Today's Little Lift
by Jim Bullington
“After these things the Lord appointed seventy others also, and sent them two by two before His face into every city and place where He Himself was about to go. Then He said to them, 'The harvest truly is great, but the laborers are few; therefore pray the Lord of the harvest to send out laborers into His harvest.'” (Luke 10.1-2).
Some of the most beautiful vistas are made picturesque by the contrasts they contain. A brilliant moon against a black velvet sky, poverty in the midst of opulence, and superior intellect in a family of average Joe's, all of these stand out ( Click for more )
A shadow is real, but it is only a representation of something else (the substance). A shadow may reveal some things about the object it represents, but it does not reveal everything. By looking at a shadow I might be able to tell the approximate size of the individual casting it, but I could not tell the color of the eyes, or the breadth of the nose, or a thousand other details that only a face to face view would reveal. Shadows are spoken of in Scripture; today’s message will treat one of these shadows.
The Hebrews writer penned the following: “For the law, having ( Click for more )
Who is God? This question cannot be answered definitively and completely by any man. However, simply because we cannot understand all that He is does not mean that we cannot understand some of who He is. Today’s devotional will reveal a small part of who God is and how He yearns for His creatures to hear His voice. Today’s focus text is taken from a protracted prayer and confessional under the urging of Nehemiah. We learn much about God from this passage; read and consider!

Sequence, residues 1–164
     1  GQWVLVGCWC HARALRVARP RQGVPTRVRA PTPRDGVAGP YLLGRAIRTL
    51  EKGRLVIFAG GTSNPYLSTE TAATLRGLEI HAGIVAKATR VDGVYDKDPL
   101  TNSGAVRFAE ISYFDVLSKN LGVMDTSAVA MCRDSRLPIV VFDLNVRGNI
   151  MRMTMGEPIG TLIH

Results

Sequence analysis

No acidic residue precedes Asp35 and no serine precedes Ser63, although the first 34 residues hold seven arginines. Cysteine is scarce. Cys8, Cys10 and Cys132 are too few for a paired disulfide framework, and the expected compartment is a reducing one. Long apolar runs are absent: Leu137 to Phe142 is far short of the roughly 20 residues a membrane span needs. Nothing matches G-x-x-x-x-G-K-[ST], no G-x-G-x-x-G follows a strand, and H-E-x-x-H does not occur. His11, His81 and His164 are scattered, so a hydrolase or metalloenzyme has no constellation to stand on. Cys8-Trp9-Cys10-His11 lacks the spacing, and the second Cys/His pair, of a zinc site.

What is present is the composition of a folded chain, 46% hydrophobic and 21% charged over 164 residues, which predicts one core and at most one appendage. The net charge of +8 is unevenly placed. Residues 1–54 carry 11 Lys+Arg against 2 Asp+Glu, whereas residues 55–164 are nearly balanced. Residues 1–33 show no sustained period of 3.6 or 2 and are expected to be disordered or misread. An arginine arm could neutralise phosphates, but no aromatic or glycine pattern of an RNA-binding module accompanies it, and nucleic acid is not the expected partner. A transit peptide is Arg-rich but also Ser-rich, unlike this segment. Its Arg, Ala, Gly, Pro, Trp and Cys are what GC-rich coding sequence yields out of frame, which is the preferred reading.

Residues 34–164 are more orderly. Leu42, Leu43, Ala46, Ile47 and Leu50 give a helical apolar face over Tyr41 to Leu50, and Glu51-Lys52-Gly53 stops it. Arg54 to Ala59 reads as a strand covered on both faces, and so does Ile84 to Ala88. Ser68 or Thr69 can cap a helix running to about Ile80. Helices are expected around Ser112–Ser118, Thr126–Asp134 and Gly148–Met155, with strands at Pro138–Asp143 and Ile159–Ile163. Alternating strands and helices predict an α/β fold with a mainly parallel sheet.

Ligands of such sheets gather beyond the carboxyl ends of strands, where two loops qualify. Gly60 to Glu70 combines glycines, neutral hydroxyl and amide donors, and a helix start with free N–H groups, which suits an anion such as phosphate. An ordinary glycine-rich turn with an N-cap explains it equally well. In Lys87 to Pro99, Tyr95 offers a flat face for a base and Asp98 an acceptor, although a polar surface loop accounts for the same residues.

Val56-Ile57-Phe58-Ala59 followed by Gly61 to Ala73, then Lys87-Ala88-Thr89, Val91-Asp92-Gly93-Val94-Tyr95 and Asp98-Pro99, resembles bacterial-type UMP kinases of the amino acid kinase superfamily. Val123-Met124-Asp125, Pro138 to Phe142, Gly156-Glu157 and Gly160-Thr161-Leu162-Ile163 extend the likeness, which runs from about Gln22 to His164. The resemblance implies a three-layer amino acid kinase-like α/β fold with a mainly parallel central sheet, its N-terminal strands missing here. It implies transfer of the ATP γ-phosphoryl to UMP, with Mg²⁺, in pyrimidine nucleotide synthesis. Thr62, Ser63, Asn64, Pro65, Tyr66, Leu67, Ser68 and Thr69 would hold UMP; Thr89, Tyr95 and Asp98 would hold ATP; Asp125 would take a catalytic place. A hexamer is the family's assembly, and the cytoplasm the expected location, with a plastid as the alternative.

“Therefore You delivered them [the nation of Israel] into the hand of their enemies, Who ( Click for more )
“So all the days of Noah were nine hundred and fifty years; and he died.” (Genesis 9.29).
There are ten generations from Adam to Noah. The vast majority of these ten generations are documented in Genesis 5 and conclude with the death of Noah as noted in today's focus text. Between Genesis 5 and the death of Noah in Genesis 9, the story of the flood is chronicled. In the ten generations that are mentioned in these passages, the phrase “and he died” is repeated again and again. In fact, “and he died” appears nine time in Genesis 5 and Genesis ( Click for more )
“And Noah lived after the flood three hundred and fifty years.” (Genesis 9.28).
The passage just quoted is taken directly from the New King James version (1982) of the Bible. It also reads exactly the same in the King James Version of 1611, and the American Standard Version of 1901. Other versions may have the wording a bit different, but the substance is exactly the same. The bottom line of this biblical verse in each version is simply this: Noah continued to live for an additional three hundred and fifty (350) years after the end of the flood.